When Microsoft Corp. unveiled its embedded operating system for retailers, it stressed the mini-OS' plug-and-play capability. But one key motivation for the company might have been the fear that retailers were considering upgrading without Microsoft. Late 2004 had retailers at a key IT management point, with aging POS (point of sale) systems pressuring them to upgrade, but many standard upgrade paths unappealing. This drove some retailers to consider Linux. Read more...

Site Helps Retailers Tout Local Deals

September 30th, 2004

One problem that retailers have with the World Wide Web is that it's so ... well ... worldwide. A group of newspaper publishers tried to address that issue with the launch of a Web site intended to match consumers looking for specific products with local retailers that have those products on special promotions.Read more...

Is Corporate Hoarding the CRM Goodies?

September 28th, 2004

Store managers are starting to complain that their data-collection efforts are baring fruit, says Evan Schuman, but they're not being allowed to eat any of it. It's a common complaint within retail circles. Read more...

Will Frustrated Store Managers Revolt Against Corporate CRM?

September 28th, 2004

Frustrated by what some see as IT executives hoarding CRM information, retail store managers are starting to do an end run around corporate with their own customer-information-gathering systems.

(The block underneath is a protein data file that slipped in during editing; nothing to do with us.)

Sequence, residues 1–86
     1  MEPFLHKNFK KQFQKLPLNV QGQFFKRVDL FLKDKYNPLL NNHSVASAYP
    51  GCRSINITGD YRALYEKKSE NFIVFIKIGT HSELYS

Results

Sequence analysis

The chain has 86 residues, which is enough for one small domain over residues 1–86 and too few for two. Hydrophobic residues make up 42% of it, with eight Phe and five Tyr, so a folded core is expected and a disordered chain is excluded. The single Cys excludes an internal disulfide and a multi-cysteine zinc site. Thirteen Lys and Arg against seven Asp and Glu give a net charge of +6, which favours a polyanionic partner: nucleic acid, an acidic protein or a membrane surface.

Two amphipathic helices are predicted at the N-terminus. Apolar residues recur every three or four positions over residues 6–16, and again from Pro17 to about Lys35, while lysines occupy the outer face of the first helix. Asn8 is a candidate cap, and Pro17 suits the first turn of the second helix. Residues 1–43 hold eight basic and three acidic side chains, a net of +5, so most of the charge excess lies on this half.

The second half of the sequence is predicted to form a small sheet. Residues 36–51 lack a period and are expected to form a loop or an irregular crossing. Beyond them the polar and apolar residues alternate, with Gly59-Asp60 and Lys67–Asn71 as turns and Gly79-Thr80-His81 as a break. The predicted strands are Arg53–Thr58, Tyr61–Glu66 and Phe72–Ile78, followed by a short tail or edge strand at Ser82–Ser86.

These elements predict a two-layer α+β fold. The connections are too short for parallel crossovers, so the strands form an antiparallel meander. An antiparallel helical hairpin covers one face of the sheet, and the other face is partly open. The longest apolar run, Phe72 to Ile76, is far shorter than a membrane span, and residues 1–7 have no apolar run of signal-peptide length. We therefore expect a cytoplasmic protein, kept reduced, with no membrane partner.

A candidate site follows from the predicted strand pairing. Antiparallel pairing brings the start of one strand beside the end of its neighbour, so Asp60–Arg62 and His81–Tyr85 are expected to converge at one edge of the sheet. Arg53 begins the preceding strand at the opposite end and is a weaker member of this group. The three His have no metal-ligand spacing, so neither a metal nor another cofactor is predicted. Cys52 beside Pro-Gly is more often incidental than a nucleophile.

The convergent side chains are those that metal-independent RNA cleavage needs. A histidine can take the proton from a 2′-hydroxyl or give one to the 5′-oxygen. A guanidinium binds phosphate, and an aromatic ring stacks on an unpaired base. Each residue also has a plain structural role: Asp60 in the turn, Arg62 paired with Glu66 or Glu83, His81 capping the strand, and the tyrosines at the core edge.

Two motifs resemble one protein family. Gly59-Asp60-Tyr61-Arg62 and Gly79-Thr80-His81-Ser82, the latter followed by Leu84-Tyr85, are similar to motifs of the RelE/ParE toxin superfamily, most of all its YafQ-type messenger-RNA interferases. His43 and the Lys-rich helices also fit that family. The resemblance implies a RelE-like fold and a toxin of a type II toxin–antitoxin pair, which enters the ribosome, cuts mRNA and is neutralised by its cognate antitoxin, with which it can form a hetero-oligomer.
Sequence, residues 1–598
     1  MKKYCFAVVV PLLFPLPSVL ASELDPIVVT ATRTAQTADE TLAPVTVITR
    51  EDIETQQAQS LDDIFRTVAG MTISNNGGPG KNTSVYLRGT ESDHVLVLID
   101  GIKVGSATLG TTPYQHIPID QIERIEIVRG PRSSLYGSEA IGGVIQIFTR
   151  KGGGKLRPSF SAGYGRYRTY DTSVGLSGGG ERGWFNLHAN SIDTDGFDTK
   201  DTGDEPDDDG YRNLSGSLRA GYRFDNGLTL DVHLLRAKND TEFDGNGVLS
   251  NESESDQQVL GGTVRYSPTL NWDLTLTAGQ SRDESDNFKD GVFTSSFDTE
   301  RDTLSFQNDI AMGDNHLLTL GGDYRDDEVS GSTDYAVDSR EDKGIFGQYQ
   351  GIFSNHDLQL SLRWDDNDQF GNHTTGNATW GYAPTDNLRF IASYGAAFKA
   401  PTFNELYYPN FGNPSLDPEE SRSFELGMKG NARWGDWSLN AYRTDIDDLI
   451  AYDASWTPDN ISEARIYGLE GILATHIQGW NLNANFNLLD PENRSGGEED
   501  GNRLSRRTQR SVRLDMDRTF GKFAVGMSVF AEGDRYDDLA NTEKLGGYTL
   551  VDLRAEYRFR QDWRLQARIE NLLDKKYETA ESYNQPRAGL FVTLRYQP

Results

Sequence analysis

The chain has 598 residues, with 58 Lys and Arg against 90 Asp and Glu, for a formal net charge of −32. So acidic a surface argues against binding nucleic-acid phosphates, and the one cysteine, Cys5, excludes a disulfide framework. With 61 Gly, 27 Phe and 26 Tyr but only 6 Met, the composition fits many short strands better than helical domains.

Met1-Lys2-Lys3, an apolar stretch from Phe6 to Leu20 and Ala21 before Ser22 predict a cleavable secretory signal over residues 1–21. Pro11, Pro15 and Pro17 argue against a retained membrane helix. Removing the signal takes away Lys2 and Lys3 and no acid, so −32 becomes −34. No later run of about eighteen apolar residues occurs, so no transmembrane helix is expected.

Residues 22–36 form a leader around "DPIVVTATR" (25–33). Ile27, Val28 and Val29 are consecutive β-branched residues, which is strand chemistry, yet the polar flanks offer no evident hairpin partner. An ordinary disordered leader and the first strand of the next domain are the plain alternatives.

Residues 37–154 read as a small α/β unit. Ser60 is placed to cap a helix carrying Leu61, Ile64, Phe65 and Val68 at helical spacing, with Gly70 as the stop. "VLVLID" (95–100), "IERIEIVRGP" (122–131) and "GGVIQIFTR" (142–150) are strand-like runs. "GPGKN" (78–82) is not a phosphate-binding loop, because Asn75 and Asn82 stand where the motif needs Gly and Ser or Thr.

One result of this retail technology revolt are smart store kiosks, which today do a lot more than display electronic brochures.Read more...

JDA, PeopleSoft Team Up to Help Retailers

September 23rd, 2004

In an attempt to fend off retail moves from SAP AG, PeopleSoft Inc. and JDA Software Group Inc. announced an alliance that they said better serves retailers. Under the deal, the companies will integrate PeopleSoft's Enterprise Financial Management with JDA's Portfolio Merchandise Management. The move followed PeopleSoft's alliance with IBM. Read more...

Overblown RFID Privacy Fears Still Merit Attention

September 19th, 2004

As RFID stories start appearing in the consumer media and on the television network news shows, we're starting to hear the same death and despair stories that were all the rage when the consumer media first discovered the Web. My personal favorites were the early stories of shock when a reporter found out that government computers had pornographic images on them. That sounded pretty bad, until you realized that it was simply an Internet server that has Usenet newsgroups on it. Read more...

Startup Rolls Out RFID Transition Tool

September 15th, 2004

As the industry slowly moves ahead with RFID integration, one of the critical issues has been the need for retailers to seamlessly work with both bar-code and RFID readers. It's difficult enough for 20-year-old point-of-sale devices to handle RFID, let alone handle RFID while still working with bar-code devices. Read more...

Albertsons Learns the Legal Dangers of CRM

September 13th, 2004